Upon the release of her new book, Order of Darkness, author Philippa Gregory tells us a little bit more about herself. 

Philippa Gregory

Philippa Gregory

Books formed me

I started reading alone very young, and I can remember being four years old and having a sense of entering another world through books. EP Thompson’s The Making of the English Working Class gave me a sense of a history that had not been told, and Virginia Woolf, A Room of One’s Own a vision of lives that have not been allowed.

I hated History at school 

Like a lot of students I found history as it was taught at school insanely boring. My history A level topic was ‘The wars of Justinian’ so classical history and military history – the very thing to put off students.. It wasn’t until I went to Sussex University (to study English Literature), where I ended up sitting in on a history lecture, I realized history explained everything, and from that moment I’ve found it completely riveting.

I am a Republican

I am interested in the monarchs and royal court of England because that is the focus of power, politics and intrigue but I don’t think it’s a good form of government, especially today, The more I see of the lives of the British royal family the more I wish that they could be free of us, and that we could give up the prying interest that we bring to them.

I love trashy TV

I don’t watch much TV at all but I love so-called ‘reality’ shows. I find them tremendously light and entertaining. They make a great contrast to my reading which is almost always factual or literary. I’m a big fan of Dance Moms, I love the Kardashians, and I have just started watching Made in Chelsea!

I used to be a journalist

Before I got my place at Sussex University, I trained and worked as a journalist at the Portsmouth Evening News, and BBC local and national radio. It taught me to write on time every day.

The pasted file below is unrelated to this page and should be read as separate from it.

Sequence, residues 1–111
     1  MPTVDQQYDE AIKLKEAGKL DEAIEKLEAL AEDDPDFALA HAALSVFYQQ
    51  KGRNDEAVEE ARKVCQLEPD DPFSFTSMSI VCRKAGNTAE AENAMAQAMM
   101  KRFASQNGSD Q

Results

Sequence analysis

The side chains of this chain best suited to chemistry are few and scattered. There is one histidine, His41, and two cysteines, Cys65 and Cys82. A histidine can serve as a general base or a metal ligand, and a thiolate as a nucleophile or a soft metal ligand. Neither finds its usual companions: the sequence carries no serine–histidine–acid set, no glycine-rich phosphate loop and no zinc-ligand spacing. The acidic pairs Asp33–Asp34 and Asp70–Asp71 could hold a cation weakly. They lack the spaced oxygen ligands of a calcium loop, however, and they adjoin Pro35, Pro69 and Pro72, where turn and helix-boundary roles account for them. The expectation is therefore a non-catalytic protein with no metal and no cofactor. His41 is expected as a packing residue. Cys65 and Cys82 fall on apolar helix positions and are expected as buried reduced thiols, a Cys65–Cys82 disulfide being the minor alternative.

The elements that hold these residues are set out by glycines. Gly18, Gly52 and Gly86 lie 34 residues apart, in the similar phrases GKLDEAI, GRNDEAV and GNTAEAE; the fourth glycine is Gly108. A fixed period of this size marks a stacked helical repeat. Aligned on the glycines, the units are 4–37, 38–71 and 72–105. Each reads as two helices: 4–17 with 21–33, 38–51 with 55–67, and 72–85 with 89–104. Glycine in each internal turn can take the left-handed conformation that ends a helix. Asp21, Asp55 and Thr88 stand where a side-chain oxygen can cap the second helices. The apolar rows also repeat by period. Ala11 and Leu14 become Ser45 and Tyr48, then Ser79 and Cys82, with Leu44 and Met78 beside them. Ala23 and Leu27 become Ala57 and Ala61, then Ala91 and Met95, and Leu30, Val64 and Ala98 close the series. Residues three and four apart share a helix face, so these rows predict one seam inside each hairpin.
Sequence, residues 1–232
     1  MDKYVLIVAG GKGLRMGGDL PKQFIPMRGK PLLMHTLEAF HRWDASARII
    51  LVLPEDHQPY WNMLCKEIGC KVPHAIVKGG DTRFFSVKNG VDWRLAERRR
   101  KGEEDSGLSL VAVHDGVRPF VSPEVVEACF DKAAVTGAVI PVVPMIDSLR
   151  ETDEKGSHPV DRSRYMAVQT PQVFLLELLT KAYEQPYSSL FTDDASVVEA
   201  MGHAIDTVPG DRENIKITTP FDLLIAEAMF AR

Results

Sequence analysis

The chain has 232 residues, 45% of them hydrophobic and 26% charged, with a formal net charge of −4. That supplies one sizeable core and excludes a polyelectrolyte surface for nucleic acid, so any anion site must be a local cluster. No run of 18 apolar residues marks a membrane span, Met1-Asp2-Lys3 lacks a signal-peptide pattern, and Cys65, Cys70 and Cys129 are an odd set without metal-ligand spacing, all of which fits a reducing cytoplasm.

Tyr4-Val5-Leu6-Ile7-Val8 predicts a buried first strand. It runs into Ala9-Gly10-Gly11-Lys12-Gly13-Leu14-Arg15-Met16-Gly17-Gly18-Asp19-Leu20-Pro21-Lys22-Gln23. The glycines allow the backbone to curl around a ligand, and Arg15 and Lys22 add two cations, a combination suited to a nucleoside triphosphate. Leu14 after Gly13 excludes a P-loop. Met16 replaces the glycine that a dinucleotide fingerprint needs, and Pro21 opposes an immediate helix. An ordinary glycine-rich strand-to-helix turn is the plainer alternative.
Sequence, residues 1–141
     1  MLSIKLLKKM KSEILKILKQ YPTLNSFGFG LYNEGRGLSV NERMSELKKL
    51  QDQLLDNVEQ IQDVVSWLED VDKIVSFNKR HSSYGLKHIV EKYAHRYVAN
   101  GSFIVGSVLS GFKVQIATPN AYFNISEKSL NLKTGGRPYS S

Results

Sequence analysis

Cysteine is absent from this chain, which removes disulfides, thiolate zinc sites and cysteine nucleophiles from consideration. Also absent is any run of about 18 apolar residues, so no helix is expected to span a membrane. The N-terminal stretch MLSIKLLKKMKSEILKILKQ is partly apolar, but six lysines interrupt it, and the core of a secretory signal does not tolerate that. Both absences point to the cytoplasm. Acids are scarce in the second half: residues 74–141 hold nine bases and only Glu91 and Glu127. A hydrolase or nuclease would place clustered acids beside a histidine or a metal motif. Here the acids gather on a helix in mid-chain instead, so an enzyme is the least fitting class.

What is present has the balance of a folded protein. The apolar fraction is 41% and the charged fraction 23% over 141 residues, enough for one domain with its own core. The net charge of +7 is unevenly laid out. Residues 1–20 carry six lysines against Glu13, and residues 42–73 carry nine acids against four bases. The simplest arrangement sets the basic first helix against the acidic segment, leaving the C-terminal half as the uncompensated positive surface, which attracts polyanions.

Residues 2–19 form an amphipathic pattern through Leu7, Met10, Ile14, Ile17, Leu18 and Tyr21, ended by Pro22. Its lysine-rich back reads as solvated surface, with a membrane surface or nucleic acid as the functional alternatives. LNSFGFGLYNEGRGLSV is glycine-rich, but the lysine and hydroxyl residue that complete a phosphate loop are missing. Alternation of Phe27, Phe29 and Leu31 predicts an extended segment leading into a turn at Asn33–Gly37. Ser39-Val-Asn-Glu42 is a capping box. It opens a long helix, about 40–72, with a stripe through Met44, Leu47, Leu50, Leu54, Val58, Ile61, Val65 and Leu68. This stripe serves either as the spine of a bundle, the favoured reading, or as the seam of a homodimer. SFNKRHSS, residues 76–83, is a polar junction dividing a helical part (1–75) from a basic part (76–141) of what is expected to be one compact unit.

I run a charity in The Gambia

During my research for A Respectable Trade, I visited The Gambia, a small country on the west coast of Africa where I met a school headmaster called Ismaila Sisay.  He told me they could dig a well at the school, to provide drinking water and irrigate a food crop, for £400.  Inspired, I made a donation.  A week later, Ismaila sent me a fax (for this was a time before email) to say the well was on stream.  But, that the school next door would like a well too!.  I started to fundraise and so far we have put more that 250 wells into schools and community gardens across Gambia, making us the biggest well providers for this small and very poor country. It’s probably the best thing I have ever done.

I love animals

When I was young I wanted to be a vet and I still love animals. I live in the country with 4 horses, including my very charming grey pony Cardagh, my beautiful affectionate dog Ben who is a handsome Rhodesian ridgeback, 3 hens who have gone completely off lay and and lots of ducks on the ponds. Every Spring I have a clutch of abandoned eggs that I hatch in my incubator and release the ducklings when they are old enough to look after themselves, and I also serve as a half-way stage for an owl sanctuary which rescues and treats injured birds of prey. and gives them to me for a ‘soft release’. At the moment I have five baby tawny owls who are going to fly away as soon as their feathers grow and a one-legged kestrel.

I can’t cook

Truly, I cant. People tend to think that successful women are good cooks as part of their life competence and people embarrass me sometimes by asking me to contribute to celebrity cook books. I don’t concentrate for long enough on what I am doing so I burn things. Over the yearsI have come to like salads and at the moment I make a lot of smoothies from vegetables and fruit which are impossible to spoil and which take seconds.

I write anywhere, all the time

I can write anywhere, and I do write anywhere. The only time I have to be in my study is when I am doing detailed research in documents or books which are not online. I actually enjoy the sensation of travelling and writing, like being on a train between London and my home in the north of England and stepping into another time and place.

I don’t recommend time travel

I have a very strict rule on this! No woman should wish to live before 1960 – life without reliable contraception was always a constant anxiety. No woman who wants political power could be happy before we got the vote in the 1920s. No woman wanting an education should live in any period before women were admitted to universities and could graduate – so the 1920s for the UK. No married woman could own her own property before 1870 – a woman’s fortune automatically became part of her husband's estate, and, if they parted for any reason he would keep all the money AND the children. In short, despite the dresses and the jewels for the upper classes the best time to be a woman in the western world is probably now. I hope it gets better in the future in terms of equality and opportunity.